By Courtney | Shadow and Act February 11, 2012 at 12:23PM
It should be no surprise that the direct-to-DVD market is taking a hit itself since there's been an overall decline in DVD sales and rentals as more viewers continue to make the shift to VOD. But I felt this needed to be said publicly since there've been many posts on Shadow And Act since I started following the site that have announced films going direct-to-DVD, most prominently, almost all of 50 Cent's recent movies.
We tend to look down on direct-to-DVD film releases but it has been a lucrative business for both the sutdios and indies. That is until the decline began a few years back.
And you know that when the studios are struggling in one area, the indies feel it even worse.
There's an article on Variety magazine's website this morning about this decline in demand for direct-to-DVD films which I recommend you read, especially filmmakers/producers/distributors/exhibitors.
A summary of it is:
- While studios are still making money with direct-to-DVD releases, there is still an overall decline in demand for those films, as there is a general decline in DVD demand, a change that's really affecting the indie film market.
- Direct-to-DVD films that tend to be profitable are those that are already parts of a franchise, like maybe sequels to films that were released in theaters, but subsequent films like sequels or prequels, were released straight to DVD. Like the BRING IT ON franchise.
- And no surprise that budgets for direct-to-DVD films have fallen. They were as high as $10 million to $15 million a few years ago, but have dropped down to $5 million to $10 million today. It did surprise me to learn that studios are spending as much as $15 million on average for films that they already know are heading straight to DVD. That should indicate just how profitable some of these films have been for them if they are willingly dropping that much money to produce them. I mean many films are released in theaters with those kinds of budgets. And that doesn't include marketing, which the Variety piece says can be substantial, especially if it's a franchise release. I should probably say that these figures are significantly less than the industry average budget which I think is around $50 million to $60 million right now and maybe higher.
- And of course this also hurts the indies in that funding for indies either drops or is just no longer there.
- But the light at the end of the tunnel is that direct-to-DVD is gradually becoming direct-to-VOD, or at least distributors of direct-to-DVD are using the VOD market to test their releases before spending the money to print them and ship DVDs. Because VOD is significantly cheaper which means profit margins are higher. So it only makes sense that direct-to DVD is being replaced by direct-to-VOD, which I think is the future.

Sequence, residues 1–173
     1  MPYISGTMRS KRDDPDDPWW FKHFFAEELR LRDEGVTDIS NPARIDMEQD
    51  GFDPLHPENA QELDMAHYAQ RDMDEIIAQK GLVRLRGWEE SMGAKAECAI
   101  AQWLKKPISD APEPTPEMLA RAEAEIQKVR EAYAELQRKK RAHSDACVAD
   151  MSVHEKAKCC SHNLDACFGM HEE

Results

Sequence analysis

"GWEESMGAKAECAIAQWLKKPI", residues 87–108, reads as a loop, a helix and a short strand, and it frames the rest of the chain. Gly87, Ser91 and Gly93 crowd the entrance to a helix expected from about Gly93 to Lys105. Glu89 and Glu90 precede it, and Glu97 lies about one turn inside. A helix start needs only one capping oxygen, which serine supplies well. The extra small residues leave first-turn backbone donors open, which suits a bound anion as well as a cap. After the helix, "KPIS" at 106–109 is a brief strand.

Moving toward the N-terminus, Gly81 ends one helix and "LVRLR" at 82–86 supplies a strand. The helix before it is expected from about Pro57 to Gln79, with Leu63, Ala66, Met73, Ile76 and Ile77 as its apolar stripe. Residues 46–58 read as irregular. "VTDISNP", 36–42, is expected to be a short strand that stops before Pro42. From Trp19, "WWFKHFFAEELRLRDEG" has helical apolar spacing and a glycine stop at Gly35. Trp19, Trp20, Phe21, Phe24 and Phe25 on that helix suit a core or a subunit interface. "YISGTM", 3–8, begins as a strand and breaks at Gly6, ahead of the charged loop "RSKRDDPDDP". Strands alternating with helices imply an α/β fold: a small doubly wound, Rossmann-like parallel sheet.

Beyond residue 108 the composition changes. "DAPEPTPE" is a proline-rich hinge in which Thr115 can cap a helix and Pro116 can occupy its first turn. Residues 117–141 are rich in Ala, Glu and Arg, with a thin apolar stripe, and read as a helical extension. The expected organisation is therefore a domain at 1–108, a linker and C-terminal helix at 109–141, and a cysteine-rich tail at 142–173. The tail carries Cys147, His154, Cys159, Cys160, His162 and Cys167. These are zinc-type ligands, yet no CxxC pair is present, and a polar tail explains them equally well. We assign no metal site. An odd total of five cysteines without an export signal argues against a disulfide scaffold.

Times are changing and filmmakers/producers/distributors/exhibitors have to take note and probably before a filmmaker even thinks about shooting one frame these days he/she will have to have already mapped out their distribution strategy. At least have more than 1 or 2 options in case neither works out in your favor. The days when theatrical and DVD were the only real distribution solutions are behind us. It's like you now have to start thinking ahead of time, where your film best fits, based on things like budget, actors and audiences, and what your target audience's viewing habits are.
All that said I wonder how this is affecting all those straight-to-DVD release companies or people like 50 Cent who's releasing most of his movies on DVD. I suppose they are all aware of this shift and are doubling up to release their films on both DVD and VOD. I guess the term will soon change from "direct-to-DVD" to "direct-to-VOD."
It makes sense then when companies like Netflix announce that they are splitting up their DVD and VOD service. I think they made the right move but maybe just a little too early and people who were not ready and willing to make the jump got mad and you all saw what came of that. But the company is still thriving. They were just a little bit ahead of everybody else and I don't blame them. VOD is far cheaper and can mean increases in profit so it makes sense for business. And that's the direction we seem to be going in anyway.
You can read the Variety magazine article at this link: http://bit.ly/wxeqXG